Venomous Snakes of the Texas Hill Country

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Watch out for snakes when out hiking in the Hill Country, but not all snakes are dangerous. Though only four in the Hill Country pose a threat to humans, most help control rodent populations. To ensure good snakes keep doing their jobs and venomous snakes don’t bite you, learn how to identify those snakes that could seriously hurt you.


Venomous snakes in the Hill Country include the western diamondback rattlesnake


Of all the venomous snakes in the Texas Hill Country, the western diamondback rattlesnakes are the ones you’ll most likely see. Though these snakes can gather in large dens over the winter, you’ll probably never encounter one. These snakes tend to hide under rocks or hunt their rodent prey in these places, so avoid reaching into hidden places without looking. Of the many rattlesnake types in Texas, the western diamondback is the most prevalent. This snake typically measures 3.5 to 4.5 feet in length, though some specimens have been longer. Be careful because it won’t always rattle before attacking. But, if you can avoid snake hiding places, you will likely avoid being bitten.

Water Moccasin

Venomous snakes in the Hill Country include the water moccasin

Photo: Wikimedia Commons

Unlike other venomous snakes in the Hill Country, water moccasins, also known as cottonmouths, are extremely rare. Sometimes, people out tubing or fishing on the rivers claim to see these snakes, but water moccasins have a distinctively thick, dark body and white inside their mouths, giving them their other name of cottonmouth. Most reports of cottonmouths in the Hill Country are false because people often confuse other water snakes for these. The cottonmouth is mostly a concern for East Texas and not the Hill Country.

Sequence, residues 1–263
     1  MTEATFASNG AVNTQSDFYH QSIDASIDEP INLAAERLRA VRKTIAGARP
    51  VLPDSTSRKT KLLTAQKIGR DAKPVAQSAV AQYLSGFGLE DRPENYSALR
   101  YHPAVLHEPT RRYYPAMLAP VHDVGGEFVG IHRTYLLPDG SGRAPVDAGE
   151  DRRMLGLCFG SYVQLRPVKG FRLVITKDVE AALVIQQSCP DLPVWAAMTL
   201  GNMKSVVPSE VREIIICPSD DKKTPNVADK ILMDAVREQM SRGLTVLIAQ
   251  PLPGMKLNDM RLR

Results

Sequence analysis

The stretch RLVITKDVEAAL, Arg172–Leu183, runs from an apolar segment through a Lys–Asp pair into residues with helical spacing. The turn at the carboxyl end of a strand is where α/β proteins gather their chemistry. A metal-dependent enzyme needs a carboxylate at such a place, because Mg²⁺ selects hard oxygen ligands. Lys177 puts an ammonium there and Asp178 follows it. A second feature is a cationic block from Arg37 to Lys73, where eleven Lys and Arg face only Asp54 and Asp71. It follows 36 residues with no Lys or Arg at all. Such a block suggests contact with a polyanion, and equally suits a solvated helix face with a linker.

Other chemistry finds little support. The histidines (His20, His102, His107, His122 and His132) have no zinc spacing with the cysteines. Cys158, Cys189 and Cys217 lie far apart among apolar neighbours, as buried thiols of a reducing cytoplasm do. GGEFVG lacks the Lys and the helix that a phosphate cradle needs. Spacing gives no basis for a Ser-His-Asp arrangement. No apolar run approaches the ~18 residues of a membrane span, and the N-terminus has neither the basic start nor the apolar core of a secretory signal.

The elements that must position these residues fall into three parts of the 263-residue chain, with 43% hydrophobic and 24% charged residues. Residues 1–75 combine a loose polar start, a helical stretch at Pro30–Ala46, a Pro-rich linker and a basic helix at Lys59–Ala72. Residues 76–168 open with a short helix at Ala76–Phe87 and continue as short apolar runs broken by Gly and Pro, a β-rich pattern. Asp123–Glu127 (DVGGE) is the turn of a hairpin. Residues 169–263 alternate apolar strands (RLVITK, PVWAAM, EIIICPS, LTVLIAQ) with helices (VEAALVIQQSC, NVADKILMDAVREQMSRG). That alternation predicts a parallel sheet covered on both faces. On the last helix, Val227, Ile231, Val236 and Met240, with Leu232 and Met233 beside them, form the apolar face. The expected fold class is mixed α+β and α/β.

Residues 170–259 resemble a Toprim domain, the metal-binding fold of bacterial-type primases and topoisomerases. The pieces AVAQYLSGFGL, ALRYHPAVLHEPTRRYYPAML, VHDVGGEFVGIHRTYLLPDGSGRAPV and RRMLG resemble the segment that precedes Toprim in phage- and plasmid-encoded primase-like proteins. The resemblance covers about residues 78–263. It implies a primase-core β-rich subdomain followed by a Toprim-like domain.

Venomous snakes in the Hill Country include the southern copperhead

Photo: Flickr/Patrick Feller

Copperheads blend in very well with dried leaves of their favored scrub land or woodland home. Watch out in rocky areas or brush-covered lots because these snakes are very difficult to see thanks to their natural camouflage. Of the three sub-types of copperhead, you’re most likely to see the broadband copperhead in the Hill Country. These snakes are considered pit vipers, along with cottonmouths and rattlesnakes, distinguished by their triangular heads and pits between their nostrils and eyes. To avoid them, watch carefully when walking in wooded areas, and stick to paths, if available.

Coral Snake

Venomous snakes in the Hill Country include the coral snake

Photo: Wikimedia Commons

Coral snakes are the smallest of the venomous snakes in Texas, measuring only 2.5 feet. But, these snakes are related to cobras and have a similarly acting venom. The good news is these tend to be found in East Texas rather than the Hill Country, and there is a simple rhyme to differentiate these snakes from their harmless relatives. Just remember, “Red touch yellow, kill a fellow. Red touch black, friend of Jack.” (or venom lack) This means if you see red bands bordering the yellow bands on a red, yellow, and black snake, it’s a coral snake that you should avoid. Otherwise, you’re looking at a harmless doppelganger.